Sigh. I already know folks may wonder why it’s so low on this list considering its devoted fandom than spanned many years but honestly, I couldn’t finish it. Call me the basic bitch I might be, but I couldn’t get past where homeboy dies, (Some of already y’all know who homeboy is but to those that don’t its homeboy that loved his kids and wife). It is definitely much prettier than the original and every fan of anime I’ve ever known tells me to finish it but I was still traumatized for the first go-around when he died and I had to see him die with updated, more appealing animation?! I couldn’t do it. This title made the list anyway because eventually, I will finish it because I’ve been told the story is much better and there’s plenty of engaging characters and new villains and it’s faithful to the manga. Given its cult following, I don’t see how anyone could have a list of the decade without Brotherhood on it. It’s just not higher here because of my own trauma.
4: Future Diary
I really could just put Yuno Gasai here and just let that be that. She is the most dominant face of Yandere, (also my problematic idol), set a very disturbing, (awesome), example of Yandere for the next ten years that nearly rivals her predecessor, Kotonoha Katsura of School Days. Yuno is the most fascinating character besides an otherwise bland ass protagonist in a sea of characters that are either as fascinating as she is or at least more interesting than the protagonist. Her actions, story, and violent nature in the series earned so much popularity that almost eight years after its final episode premiere you can’t go to a worthwhile anime convention without seeing at least six different versions of Yuno Gasai.
3: My Hero Academia
I don’t know if there’s a fan of anime that doesn’t watch My Hero Academia and if they don’t like to watch it, they definitely read the manga. My Hero Academia similarly took the world by storm much like Attack on Titan and I think this largely has to do with America’s newly public love for the superhero. Yes, superheroes have always had its place in pop culture but for a long time, it was considered weird to be an adult eager for the next Captain America or X-Men issue though the box office numbers for comic book films would say the opposite. My Hero Academia came out around a time where you would have to purchase tickets in advance for a Marvel film several months away if you’re desiring to see it on opening night. The story is consistently engaging with compelling heroes and villains alike and manages not to be in a typical Shonen flow, yet not quite as removed from it as Demon Slayer. Volumes of the My Hero Academia manga stay on bestseller lists of practically every bookseller, there’s a video game and another on the way, a movie and another on the way, and several seasons which is very impressive for a show that premiered in 2016.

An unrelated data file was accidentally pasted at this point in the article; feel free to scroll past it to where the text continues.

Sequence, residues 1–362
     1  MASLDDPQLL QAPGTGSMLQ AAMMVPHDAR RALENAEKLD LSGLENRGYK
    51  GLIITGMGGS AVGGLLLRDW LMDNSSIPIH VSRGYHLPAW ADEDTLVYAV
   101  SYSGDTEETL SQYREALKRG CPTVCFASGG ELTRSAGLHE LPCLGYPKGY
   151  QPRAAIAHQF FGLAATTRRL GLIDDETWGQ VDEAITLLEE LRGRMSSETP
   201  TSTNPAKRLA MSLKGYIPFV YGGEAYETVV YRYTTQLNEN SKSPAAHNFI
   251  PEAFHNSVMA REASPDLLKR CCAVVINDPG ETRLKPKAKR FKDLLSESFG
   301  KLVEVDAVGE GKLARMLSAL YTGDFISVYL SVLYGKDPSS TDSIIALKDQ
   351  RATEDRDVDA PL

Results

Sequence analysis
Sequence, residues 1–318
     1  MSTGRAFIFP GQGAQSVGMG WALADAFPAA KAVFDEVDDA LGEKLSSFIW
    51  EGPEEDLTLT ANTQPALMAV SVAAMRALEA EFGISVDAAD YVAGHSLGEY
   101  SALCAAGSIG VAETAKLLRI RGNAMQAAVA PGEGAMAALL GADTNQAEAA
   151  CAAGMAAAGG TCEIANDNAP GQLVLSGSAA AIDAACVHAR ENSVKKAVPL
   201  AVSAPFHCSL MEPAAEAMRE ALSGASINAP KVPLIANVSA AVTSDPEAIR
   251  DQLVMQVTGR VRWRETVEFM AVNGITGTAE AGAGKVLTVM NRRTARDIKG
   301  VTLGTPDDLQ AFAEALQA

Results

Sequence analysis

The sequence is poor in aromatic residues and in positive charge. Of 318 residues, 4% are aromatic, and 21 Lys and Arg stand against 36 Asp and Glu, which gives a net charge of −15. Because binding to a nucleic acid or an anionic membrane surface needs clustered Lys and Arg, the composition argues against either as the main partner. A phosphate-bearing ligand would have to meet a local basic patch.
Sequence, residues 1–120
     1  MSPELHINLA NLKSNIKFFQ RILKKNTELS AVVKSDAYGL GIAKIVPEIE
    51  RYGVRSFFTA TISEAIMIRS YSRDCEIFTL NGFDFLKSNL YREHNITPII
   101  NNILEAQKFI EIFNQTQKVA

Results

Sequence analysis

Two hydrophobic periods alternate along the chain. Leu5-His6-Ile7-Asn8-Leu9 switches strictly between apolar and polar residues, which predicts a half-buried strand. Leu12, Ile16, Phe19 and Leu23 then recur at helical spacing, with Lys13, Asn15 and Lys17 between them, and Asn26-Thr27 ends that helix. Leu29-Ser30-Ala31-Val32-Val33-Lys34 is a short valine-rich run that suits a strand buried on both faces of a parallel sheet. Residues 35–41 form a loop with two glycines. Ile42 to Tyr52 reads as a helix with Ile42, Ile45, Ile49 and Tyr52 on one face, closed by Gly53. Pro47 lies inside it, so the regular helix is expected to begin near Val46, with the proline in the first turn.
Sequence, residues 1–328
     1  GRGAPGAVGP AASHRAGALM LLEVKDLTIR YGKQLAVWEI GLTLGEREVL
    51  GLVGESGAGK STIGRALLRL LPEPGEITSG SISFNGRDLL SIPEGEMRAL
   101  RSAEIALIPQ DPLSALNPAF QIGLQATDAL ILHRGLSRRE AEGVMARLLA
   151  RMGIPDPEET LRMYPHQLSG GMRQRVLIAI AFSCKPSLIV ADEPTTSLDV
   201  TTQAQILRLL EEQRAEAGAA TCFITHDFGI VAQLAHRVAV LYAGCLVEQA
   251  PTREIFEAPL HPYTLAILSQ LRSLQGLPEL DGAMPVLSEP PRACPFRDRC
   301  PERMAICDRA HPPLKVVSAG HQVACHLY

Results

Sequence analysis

2 : Attack On Titan
When Attack on Titan came out, it was like suddenly every-fucking-body liked anime all of a sudden. Even now, people that typically don’t like or watch anime find something compelling enough in the first episode of Attack on Titan to keep watching. The box set of Season One was one of the first titles I bought in my adulthood because I had to know what was going on in this series people couldn’t stop talking about and three seasons, spin-off manga volumes later, Attack on Titan has become one of the most popular anime ever. It has more than earned its place as one of the top anime of the decade and there’s nothing else quite like it even now. Maybe Tokyo Ghoul?
1: Puella Magi Madoka Magica
There are popular anime, there’s anime that are copy and pastes of some other poorly written anime, and then there’s anime that shakes the table so nicely that imitations and inspirations come forth. Puella Magi Madoka Magica is one of the best titles of the last ten years and most original that I can think of. It starts off like any title of its magical girl genre; cute and pretty but had some violence that made it a bit more mature than the typical magical girl show. My first viewing was with no context so I just figured I was watching something Sailor Moon-esque, until the moment happens. I remember sitting in my college dorm room replaying the scene over and over saying, “What the fuck? What THE fuck?! WHAT THE FUCK?!” and if you know like I do, the show only goes forward in a dark tone. I believe this anime is to blame for my later gravitation towards darker anime so I lovingly think of it as a gateway drug. Madoka Magica grew in popularity to the point that many tried to imitate its formula with tragic and violent magical girls, (Magical Girl Spec. Ops Asuka, Magical Girl Raising Project, Magical Girl Site, etc.), and without magical girls but the only one that came close with a coherent storyline and building up an attachment to characters rather than reckless disposal is Yuki Yuna Is A Hero. I chose Madoka Magica as my number one because though other titles here are popular, not a lot of these titles made such a profound impact and change on an entire genre. Demon Slayer comes close, but that potential impact will have to be seen in 2020 considering it is relatively new.
Honorable mentions: Fairy Tail, One Punch Man, Psycho-Pass